Genoa's Derrick Vicars puts collegiate track and field career on hold to train for Olympic Trials.
Derrick Vicars could be traveling this week to California with his University of Findlay track and field teammates, the former Genoa High School athlete looking to defend his NCAA championship in discus from a year ago.
He won't be though, as Vicars made a decision a while ago to put his collegiate career on hold for a year so that he might experience significant long-term gains.
In using a redshirt year, Vicars misses a year of competition, beginning with this outdoor season and continuing through next year's indoor season. The thought process behind Vicars' decision is that he can use the time away from competition to get stronger and to hone his technique, not having to worry about how those changes might affect his performances. By doing this now, Vicars believes he gives himself the best chance of reaching his goal of qualifying for the U.S. Olympic Trials in 2016, if not 2012.
"I've always wanted to do it and I'm grateful that my coaches gave me the opportunity to redshirt," Vicars, a 2008 Genoa graduate, said. "It wasn't a difficult decision at all."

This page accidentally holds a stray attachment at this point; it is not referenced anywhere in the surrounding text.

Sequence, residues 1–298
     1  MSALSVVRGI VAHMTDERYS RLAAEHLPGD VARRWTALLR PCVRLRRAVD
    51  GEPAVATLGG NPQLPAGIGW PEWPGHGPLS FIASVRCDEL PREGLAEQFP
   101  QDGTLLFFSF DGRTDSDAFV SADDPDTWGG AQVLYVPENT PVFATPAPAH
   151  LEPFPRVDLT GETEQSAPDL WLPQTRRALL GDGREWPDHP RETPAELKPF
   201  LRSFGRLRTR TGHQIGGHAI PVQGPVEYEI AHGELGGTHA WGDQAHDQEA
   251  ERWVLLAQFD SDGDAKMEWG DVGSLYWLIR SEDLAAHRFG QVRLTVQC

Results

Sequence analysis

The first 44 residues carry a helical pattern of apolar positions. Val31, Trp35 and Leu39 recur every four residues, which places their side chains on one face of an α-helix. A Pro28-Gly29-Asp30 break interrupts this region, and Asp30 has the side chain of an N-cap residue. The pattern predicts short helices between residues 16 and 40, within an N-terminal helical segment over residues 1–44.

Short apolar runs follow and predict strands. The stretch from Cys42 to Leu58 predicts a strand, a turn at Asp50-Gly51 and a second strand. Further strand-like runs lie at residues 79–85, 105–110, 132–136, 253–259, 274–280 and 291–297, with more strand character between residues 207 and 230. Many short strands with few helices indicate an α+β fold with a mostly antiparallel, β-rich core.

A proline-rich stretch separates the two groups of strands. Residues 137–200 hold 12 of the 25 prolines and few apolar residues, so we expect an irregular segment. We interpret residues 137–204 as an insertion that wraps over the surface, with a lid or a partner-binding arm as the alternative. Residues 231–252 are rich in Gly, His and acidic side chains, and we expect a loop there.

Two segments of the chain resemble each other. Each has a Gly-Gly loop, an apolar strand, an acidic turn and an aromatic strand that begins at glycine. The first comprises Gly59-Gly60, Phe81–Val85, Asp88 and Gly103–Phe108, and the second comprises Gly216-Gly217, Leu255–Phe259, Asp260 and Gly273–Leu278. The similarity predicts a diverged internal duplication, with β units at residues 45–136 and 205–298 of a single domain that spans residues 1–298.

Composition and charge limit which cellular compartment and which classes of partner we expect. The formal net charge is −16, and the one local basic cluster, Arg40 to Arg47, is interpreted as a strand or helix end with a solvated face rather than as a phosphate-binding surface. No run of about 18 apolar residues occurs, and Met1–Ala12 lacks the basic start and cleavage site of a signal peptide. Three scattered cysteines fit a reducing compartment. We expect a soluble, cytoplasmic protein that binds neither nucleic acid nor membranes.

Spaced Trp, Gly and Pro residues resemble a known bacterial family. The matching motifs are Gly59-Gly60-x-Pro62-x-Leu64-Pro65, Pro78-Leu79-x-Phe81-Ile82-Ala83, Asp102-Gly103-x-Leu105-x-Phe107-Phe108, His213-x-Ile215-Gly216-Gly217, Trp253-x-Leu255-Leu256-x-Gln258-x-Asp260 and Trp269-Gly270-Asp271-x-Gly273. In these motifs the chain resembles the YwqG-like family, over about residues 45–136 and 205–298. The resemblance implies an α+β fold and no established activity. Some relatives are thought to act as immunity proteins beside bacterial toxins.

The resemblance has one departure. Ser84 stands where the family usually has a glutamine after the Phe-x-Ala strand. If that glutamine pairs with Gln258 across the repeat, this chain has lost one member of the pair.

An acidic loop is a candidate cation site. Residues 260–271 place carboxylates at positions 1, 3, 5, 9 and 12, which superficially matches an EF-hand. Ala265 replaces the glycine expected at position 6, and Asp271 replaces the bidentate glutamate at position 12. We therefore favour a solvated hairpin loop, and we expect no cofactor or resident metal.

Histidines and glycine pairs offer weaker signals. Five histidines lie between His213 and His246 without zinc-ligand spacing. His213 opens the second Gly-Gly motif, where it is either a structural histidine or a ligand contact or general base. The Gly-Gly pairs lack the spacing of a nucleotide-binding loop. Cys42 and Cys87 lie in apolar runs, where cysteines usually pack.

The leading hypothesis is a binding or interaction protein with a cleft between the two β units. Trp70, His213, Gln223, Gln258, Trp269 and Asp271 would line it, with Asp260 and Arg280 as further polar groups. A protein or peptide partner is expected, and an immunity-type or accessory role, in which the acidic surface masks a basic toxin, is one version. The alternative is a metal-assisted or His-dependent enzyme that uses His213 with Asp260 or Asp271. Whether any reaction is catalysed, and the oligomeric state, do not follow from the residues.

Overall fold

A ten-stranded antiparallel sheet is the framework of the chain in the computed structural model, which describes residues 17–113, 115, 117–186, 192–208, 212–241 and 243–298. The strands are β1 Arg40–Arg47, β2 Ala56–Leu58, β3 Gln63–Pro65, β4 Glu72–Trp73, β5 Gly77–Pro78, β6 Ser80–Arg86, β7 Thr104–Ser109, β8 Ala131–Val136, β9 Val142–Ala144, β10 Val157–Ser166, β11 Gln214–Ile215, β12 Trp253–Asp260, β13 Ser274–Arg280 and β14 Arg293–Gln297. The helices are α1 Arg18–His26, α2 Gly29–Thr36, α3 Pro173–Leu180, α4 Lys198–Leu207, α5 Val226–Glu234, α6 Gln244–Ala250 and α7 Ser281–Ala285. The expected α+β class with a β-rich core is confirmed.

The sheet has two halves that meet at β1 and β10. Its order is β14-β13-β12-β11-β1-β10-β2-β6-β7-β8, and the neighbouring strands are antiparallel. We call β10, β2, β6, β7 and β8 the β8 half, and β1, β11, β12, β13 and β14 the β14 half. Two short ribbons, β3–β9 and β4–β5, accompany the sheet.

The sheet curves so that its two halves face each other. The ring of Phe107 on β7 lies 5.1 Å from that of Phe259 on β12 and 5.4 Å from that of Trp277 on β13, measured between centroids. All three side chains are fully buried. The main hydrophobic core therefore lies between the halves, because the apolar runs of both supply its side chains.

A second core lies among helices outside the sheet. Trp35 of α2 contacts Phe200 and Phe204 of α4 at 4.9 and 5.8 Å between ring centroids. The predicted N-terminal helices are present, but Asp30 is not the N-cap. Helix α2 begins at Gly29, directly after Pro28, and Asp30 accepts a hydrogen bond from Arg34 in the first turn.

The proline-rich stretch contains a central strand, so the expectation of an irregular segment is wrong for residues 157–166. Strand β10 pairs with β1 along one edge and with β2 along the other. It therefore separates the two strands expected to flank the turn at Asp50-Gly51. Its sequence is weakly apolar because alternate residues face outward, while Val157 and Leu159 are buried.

When, Vicars comes back from the redshirt year, he'll have two seasons of eligibility remaining in outdoor, one in indoor. He competed in March at the NCAA Division II indoor championships, where he earned All American honors in shot put (fifth) and weight throw (eighth).
Derrick Vicars posted a throw of 173-01 to win the NCAA championship in discus as a sophomore at Findlay last season.
Then, when the outdoor season began, Vicars stepped away. But it's not like he wasn't working. Weight training became more intense, Vicars doing the dreaded squat exercise three times a week. He competed in some events as an unattached athlete, meaning he wasn't affiliated with Findlay, but results were not emphasized. His body was often wrecked from tiresome work outs by the time competition rolled around on the weekend.
"You're just out there working on your technique and trying to get stronger," he said.
Vicars fluctuates between 250 and 255 pounds these days, a dramatic increase in body size from his high school career when he was a 195-pound running back as a senior. In fact, he had hoped to redshirt as a freshman as a way to get stronger from the get go. Alas, it wasn't to be.
Between now and June 19, Vicars is trying to qualify for the U.S. Nationals in shot put. As a freshman in 2009, Vicars finished 14th nationally in discus with a throw of 148-07. He got bigger and better over the next 12 months and posted a throw of 173-01 to win the NCAA championship as a sophomore.
"I wanted to defend my title but at the same time, I think I needed to get a little bit better," Vicars said.
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